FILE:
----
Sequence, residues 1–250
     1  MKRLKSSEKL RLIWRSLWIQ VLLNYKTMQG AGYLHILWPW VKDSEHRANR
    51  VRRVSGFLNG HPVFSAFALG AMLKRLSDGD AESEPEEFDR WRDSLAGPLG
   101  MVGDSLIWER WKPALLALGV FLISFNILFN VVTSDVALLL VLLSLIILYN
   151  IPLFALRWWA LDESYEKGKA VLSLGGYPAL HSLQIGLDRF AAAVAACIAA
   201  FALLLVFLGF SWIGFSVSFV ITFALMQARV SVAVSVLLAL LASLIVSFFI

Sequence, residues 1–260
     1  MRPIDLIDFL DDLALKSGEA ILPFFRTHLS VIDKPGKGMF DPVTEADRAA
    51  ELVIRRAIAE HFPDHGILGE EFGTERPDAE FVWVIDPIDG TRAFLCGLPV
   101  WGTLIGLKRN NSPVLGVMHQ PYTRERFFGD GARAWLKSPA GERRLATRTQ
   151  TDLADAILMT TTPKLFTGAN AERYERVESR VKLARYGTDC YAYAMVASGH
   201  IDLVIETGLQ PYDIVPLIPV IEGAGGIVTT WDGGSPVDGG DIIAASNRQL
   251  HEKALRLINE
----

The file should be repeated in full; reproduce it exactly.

Sequence, residues 1–250
     1  MKRLKSSEKL RLIWRSLWIQ VLLNYKTMQG AGYLHILWPW VKDSEHRANR
    51  VRRVSGFLNG HPVFSAFALG AMLKRLSDGD AESEPEEFDR WRDSLAGPLG
   101  MVGDSLIWER WKPALLALGV FLISFNILFN VVTSDVALLL VLLSLIILYN
   151  IPLFALRWWA LDESYEKGKA VLSLGGYPAL HSLQIGLDRF AAAVAACIAA
   201  FALLLVFLGF SWIGFSVSFV ITFALMQARV SVAVSVLLAL LASLIVSFFI

Sequence, residues 1–260
     1  MRPIDLIDFL DDLALKSGEA ILPFFRTHLS VIDKPGKGMF DPVTEADRAA
    51  ELVIRRAIAE HFPDHGILGE EFGTERPDAE FVWVIDPIDG TRAFLCGLPV
   101  WGTLIGLKRN NSPVLGVMHQ PYTRERFFGD GARAWLKSPA GERRLATRTQ
   151  TDLADAILMT TTPKLFTGAN AERYERVESR VKLARYGTDC YAYAMVASGH
   201  IDLVIETGLQ PYDIVPLIPV IEGAGGIVTT WDGGSPVDGG DIIAASNRQL
   251  HEKALRLINE